The Texas Education Agency (TEA) announced Monday that Commissioner of Education Mike Morath has exercised his authority to authorize an adjustment in average daily attendance (ADA) for certain districts affected by Hurricane Harvey.
“Many of our school systems have seen major disruptions in their communities because of Hurricane Harvey,” said Commissioner Morath. “This one-time adjustment is meant to bring some certainty for the remainder of this school year as school leaders face a number of major financial decisions following this devastating storm.”
“Many Texas schools have suffered setbacks following Hurricane Harvey, but Texas is committed to ensuring that our students continue to receive the best education possible,” Governor Greg Abbott said in a statement provided by TEA. “I commend Commissioner Morath and the Texas Education Agency for their efforts to get our students back on track and helping ease the burdens on school districts impacted by the storm. We will continue to work diligently to limit disruption in education while our schools and communities continue to recover and rebuild.”
Under the current school finance system, ADA is a critical component used to determine the level of state funding to which each district is entitled. Many districts lost students as a result of widespread displacement caused by the storm. The resulting decline in ADA means these districts would likely face the loss of state funding or increased recapture rates. The adjustment authorized by Commissioner Morath is intended to prevent major decreases in state funding to these districts during the 2017-2018 school year.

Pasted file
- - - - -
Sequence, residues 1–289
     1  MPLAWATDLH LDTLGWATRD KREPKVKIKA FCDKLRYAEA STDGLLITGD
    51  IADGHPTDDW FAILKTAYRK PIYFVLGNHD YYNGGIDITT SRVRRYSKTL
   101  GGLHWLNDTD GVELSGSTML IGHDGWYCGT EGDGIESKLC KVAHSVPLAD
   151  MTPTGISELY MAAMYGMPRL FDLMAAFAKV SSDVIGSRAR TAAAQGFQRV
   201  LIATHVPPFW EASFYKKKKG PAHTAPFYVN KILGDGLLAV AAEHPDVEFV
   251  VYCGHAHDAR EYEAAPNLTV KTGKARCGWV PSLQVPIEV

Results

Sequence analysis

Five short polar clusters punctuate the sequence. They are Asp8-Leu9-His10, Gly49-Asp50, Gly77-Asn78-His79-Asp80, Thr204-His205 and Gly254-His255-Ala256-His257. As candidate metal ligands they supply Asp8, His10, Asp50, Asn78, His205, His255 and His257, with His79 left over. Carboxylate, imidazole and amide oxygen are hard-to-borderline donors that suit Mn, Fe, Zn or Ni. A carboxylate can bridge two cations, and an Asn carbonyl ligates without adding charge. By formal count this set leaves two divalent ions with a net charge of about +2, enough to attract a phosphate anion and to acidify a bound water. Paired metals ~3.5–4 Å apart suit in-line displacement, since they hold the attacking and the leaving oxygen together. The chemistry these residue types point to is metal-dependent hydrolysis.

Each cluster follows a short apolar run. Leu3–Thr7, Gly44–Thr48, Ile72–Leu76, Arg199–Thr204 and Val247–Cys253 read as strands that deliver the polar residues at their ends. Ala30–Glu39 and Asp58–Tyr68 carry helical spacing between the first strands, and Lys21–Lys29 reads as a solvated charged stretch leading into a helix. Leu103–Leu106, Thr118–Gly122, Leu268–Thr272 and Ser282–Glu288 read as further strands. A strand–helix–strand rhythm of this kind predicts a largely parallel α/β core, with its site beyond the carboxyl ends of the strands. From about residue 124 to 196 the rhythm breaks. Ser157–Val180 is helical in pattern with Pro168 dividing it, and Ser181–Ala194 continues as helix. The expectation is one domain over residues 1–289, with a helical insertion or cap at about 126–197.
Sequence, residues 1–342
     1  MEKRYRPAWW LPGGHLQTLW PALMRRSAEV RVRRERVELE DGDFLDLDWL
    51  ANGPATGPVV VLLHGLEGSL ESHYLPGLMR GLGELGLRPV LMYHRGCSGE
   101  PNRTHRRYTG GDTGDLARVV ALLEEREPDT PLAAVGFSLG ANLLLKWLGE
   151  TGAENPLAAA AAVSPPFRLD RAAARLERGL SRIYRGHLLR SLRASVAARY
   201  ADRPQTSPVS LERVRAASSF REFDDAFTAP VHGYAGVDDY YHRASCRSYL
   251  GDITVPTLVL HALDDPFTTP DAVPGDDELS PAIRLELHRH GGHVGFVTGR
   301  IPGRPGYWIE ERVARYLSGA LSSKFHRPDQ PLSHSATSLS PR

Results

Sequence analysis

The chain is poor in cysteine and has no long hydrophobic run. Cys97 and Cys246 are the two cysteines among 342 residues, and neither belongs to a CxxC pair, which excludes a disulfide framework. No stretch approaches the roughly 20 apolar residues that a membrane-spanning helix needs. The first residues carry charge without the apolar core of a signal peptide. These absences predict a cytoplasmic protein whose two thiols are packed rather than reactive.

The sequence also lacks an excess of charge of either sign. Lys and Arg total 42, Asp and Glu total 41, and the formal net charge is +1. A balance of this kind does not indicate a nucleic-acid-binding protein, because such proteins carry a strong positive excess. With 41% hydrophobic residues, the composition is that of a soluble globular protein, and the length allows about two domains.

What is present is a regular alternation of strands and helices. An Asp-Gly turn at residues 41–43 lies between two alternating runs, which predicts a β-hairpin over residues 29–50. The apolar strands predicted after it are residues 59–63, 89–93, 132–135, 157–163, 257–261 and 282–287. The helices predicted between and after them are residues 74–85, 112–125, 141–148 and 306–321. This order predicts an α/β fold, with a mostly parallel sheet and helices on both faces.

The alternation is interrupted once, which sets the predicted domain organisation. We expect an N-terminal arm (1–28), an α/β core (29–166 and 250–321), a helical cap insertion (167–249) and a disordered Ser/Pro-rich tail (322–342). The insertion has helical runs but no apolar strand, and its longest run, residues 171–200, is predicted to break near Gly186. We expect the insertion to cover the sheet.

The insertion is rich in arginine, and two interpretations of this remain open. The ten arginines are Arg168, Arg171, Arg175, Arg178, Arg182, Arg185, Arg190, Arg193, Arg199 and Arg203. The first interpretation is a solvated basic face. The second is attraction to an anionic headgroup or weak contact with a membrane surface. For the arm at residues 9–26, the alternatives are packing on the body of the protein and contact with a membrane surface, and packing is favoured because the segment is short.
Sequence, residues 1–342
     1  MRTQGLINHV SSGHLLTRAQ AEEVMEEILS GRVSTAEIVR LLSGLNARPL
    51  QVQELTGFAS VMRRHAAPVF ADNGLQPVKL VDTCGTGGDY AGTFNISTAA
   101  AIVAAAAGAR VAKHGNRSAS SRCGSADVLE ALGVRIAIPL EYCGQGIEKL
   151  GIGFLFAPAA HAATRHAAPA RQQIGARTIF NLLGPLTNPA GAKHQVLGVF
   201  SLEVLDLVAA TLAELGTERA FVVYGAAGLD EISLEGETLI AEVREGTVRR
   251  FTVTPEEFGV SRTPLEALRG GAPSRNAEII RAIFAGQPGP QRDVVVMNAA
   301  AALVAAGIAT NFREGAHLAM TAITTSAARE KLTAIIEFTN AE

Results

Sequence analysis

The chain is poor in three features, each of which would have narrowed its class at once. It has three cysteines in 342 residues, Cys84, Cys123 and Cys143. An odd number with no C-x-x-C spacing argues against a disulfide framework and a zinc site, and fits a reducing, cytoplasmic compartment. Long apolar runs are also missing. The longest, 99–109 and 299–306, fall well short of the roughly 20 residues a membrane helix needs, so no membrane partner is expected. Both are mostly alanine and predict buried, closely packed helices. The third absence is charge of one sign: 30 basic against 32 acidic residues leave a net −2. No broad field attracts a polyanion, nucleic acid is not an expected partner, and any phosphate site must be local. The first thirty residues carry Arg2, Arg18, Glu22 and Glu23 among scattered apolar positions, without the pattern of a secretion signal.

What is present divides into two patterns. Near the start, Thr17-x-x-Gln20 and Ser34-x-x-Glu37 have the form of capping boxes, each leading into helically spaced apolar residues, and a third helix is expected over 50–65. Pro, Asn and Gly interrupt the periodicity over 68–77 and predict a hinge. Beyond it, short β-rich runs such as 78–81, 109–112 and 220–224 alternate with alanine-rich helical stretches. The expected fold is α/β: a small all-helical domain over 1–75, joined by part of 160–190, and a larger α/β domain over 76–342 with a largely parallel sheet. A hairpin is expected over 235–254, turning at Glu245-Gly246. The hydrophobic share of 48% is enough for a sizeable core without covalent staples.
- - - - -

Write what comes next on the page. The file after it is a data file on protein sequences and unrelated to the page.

This one-time adjustment applies to eligible districts within the 60 counties listed under Governor Abbott’s state disaster declaration. Eligible districts and charter schools within the Harvey disaster zone must also meet the following criteria:
- The school district or charter school has had damage to at least one campus which has resulted in a disruption of instruction lasting two or more weeks, OR
- The school district or charter school had instructional facilities that were closed for the nine or 10 hurricane related waiver days; AND
- The school district or charter school must complete the Governor’s Commission to Rebuild Texas Worksheet by Oct. 27, 2017.
Additional factors will be considered on a case-by-case basis. In September, the agency promised districts and charters would continue to receive full payments based on their individual Legislative Payment Estimates (LPE). Under the adjustment, according to the TEA, “The commissioner will hold affected districts and charters harmless to a projected ADA number calculated using a three-year average trend from the 2014–2015 through 2016–2017 school years, unless this projection is both 15% higher and 100 ADA higher than the 2017-2018 LPE projections. In the latter case, 2017-2018 LPE will be used. This calculation is included in the attached spreadsheet.”
“The Texas House wants to make sure that schools are not punished for enrollment declines caused by Harvey,” said Texas Speaker Joe Straus (R-San Antonio). “This decision will provide funding certainty for schools as they continue to cope with Harvey’s aftermath and as legislators look closely at other ways the storm affected public education. I want to thank Commissioner Morath for listening to the concerns raised by House members on behalf of their constituents.”
The agency also released a full list of school districts affected by the hurricane. On the same day, the agency announced additional funding to help provide transportation for students displaced by the storm. More information regarding ADA adjustments can be found on the TEA website. The commissioner has also authorized waivers for missed schools days as a result of Harvey.